Publication details

Socioeconomic characteristics, family structure and trajectories of children's psychosocial problems in a period of social transition

Authors

KURUCZOVÁ Daniela KLÁNOVÁ Jana JARKOVSKÝ Jiří PIKHART Hynek DOBROVOLNÁ Julie

Year of publication 2020
Type Article in Periodical
Magazine / Source Plos one
MU Faculty or unit

Faculty of Science

Citation
Web https://journals.plos.org/plosone/article?id=10.1371/journal.pone.0234074
Doi http://dx.doi.org/10.1371/journal.pone.0234074
Keywords BEHAVIOR PROBLEMS; ASSOCIATIONS; ADJUSTMENT; STRENGTHS; HEALTH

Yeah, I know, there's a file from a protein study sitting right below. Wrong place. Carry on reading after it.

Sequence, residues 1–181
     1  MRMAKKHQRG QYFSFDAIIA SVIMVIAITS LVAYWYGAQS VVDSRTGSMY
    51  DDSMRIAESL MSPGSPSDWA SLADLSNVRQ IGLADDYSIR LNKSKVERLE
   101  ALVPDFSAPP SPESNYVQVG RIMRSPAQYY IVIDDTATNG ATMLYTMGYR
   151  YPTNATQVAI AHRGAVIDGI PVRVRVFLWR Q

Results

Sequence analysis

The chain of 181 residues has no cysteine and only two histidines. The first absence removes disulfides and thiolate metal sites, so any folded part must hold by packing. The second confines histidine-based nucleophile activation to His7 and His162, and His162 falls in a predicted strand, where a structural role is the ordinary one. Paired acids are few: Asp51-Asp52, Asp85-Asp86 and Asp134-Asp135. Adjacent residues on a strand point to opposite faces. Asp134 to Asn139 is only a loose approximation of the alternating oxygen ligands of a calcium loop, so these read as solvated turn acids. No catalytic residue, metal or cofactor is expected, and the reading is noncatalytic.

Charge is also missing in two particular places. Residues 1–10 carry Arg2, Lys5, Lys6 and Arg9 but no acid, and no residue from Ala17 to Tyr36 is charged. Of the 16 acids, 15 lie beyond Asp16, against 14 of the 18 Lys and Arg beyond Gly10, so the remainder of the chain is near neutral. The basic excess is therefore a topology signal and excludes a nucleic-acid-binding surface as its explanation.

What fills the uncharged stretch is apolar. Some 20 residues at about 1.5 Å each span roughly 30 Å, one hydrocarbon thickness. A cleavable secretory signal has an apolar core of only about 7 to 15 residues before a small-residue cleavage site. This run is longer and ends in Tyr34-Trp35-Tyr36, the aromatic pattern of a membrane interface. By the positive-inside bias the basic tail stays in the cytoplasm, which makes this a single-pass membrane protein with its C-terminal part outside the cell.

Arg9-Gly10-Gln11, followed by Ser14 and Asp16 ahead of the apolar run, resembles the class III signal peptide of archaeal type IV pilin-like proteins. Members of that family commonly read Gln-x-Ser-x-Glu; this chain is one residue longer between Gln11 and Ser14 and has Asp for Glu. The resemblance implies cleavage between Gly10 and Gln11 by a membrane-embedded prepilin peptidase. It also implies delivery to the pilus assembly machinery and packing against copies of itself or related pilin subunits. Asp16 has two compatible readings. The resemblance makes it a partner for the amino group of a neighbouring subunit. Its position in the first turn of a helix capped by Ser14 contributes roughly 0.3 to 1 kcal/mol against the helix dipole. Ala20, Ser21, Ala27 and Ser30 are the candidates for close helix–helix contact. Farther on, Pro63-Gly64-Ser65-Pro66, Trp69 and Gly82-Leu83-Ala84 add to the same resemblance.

Description Data from the Czech part of the European Longitudinal Study of Pregnancy and Childhood offer a unique opportunity to examine a period of changing socioeconomic structure of the country. Our aim was to analyse the association between socioeconomic status, family structure and children's psychosocial problems at the age of 7, 11, 15 and 18 years in 3,261 subjects and compare our results with findings from western settings. The Strengths and Difficulties Questionnaire (SDQ) and its five subscales were used to assess individual problem areas (emotional symptoms, peer problems, hyperactivity, conduct problems) and prosocial behaviour. Socioeconomic status was represented by maternal education and three forms of family structure were identified: nuclear family, new partner family and single parent family. The SDQ subscale score over time was modelled as a quadratic growth curve using a linear mixed-effects model. Maternal university education was associated with a faster decline in problems over time for all five SDQ subscales. Problems in children from nuclear families were found to be significantly lower than in children from single parent families for all SDQ subscales with the exception of peer problems. Compared to nuclear families, children from new partner families scored significantly higher in hyperactivity and conduct problems subscales. The nuclear family structure and higher maternal education have been identified as protective factors for children's psychosocial problems, in agreement with findings from western settings. Adopting a longitudinal perspective was shown as essential for providing a more complex view of children's psychosocial problems over time.
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